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  3. So Cayman Compass what is the truth? 111111 states there was a prior DUI for Brooks-Dixon and the article as I read stated a clean driving record for Brooks-Dixon.
    If this man is an alcoholic then he needs to get help or he will drink and drive again.

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  4. I think this case is a great representation of the Cayman justice system. While the convict didn’t explicitly intend to kill the victim, driving with a BAC of .173 (per University of Oklahoma this would require 8 drinks in 1 hour) and at over 100mph (almost 3 times the posted limit) are actions that a any reasonable person would consider to be potentially leathal. Unless there is some other form of restitution or required community service in addition to the prison and license suspension, I believe this sentence to be pitiful. Based on the Judge’s comments, I couldn’t tell which factor he felt contributed to the crash, but the answer is either and both!

    I too believe this is the result of the society not taking unlawful acts seriously. The police should consider less checkpoint stops and more general traffic enforcement. I bet people who drive recklessly are more likely to have overdue stickers than the typical driver. Just seems like a smarter allocation of resources to me.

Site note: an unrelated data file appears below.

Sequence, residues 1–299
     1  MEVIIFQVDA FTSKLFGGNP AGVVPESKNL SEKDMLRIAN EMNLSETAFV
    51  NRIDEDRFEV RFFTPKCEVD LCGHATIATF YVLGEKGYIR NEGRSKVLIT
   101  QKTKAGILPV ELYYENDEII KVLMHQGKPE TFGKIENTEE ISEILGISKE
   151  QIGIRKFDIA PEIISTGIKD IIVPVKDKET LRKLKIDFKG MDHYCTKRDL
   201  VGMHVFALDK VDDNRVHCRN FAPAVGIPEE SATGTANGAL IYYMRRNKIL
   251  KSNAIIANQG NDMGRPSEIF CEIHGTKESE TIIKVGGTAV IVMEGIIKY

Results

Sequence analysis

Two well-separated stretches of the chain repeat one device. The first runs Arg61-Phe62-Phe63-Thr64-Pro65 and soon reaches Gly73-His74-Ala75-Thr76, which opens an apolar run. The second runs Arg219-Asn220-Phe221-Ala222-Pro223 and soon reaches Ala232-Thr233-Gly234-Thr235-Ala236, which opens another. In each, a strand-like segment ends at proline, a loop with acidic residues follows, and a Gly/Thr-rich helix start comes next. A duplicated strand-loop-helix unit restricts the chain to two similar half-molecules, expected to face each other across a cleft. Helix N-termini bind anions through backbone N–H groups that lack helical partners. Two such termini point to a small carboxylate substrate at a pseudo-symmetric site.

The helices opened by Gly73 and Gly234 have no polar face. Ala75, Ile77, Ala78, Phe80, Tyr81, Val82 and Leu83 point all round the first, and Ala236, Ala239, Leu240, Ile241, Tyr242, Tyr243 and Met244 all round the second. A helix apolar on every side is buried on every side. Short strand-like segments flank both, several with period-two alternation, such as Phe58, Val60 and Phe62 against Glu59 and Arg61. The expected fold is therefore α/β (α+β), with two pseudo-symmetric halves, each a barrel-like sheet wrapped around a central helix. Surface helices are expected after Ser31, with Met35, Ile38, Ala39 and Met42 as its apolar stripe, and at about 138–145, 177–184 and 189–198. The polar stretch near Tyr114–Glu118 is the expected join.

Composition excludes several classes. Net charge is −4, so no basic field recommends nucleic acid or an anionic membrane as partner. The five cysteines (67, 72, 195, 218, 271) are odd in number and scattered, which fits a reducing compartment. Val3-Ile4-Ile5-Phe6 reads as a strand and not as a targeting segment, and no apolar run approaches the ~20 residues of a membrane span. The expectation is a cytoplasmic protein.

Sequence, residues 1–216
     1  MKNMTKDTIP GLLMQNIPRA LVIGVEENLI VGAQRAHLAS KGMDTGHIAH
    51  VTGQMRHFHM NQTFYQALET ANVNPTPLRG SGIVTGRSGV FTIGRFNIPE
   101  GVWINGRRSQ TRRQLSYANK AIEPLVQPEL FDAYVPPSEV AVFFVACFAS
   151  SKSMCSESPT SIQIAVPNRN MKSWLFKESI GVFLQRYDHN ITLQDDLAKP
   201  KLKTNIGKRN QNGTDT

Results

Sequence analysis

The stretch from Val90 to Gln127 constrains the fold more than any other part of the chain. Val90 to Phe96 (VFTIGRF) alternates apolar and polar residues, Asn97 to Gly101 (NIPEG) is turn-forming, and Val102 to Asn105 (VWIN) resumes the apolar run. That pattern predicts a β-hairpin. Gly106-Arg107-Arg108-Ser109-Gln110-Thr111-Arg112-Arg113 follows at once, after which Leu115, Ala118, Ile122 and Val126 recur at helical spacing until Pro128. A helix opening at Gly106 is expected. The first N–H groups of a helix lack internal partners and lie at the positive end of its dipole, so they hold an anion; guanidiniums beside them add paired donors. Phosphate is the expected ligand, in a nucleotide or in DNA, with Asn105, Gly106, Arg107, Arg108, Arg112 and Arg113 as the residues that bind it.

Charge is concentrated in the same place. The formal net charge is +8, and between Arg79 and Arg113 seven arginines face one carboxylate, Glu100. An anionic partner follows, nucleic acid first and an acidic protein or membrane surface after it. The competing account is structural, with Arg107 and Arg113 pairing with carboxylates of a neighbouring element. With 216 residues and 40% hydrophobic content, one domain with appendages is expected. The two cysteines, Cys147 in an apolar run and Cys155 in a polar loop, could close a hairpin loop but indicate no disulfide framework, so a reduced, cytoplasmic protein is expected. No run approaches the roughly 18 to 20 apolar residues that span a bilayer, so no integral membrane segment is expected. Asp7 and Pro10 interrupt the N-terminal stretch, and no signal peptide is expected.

As for drinking and driving, I think putting meters in taxis would go a long way – when I have been charged 30 to go 1 mile down the road with two friends it doesn’t help the situation.

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  5. I am very surprised at how quickly this trial happened. For once, justice was swift. Now the sentence…it may not seem to be enough, but no amount of years will bring back the victim or change what happened. The law has sentencing guidelines that judges are expected to adhere to. The system is flawed, yes. By no means perfect. But I, for one am pleased that the trial wasn’t dragged out for 3 years. That, I am thankful for…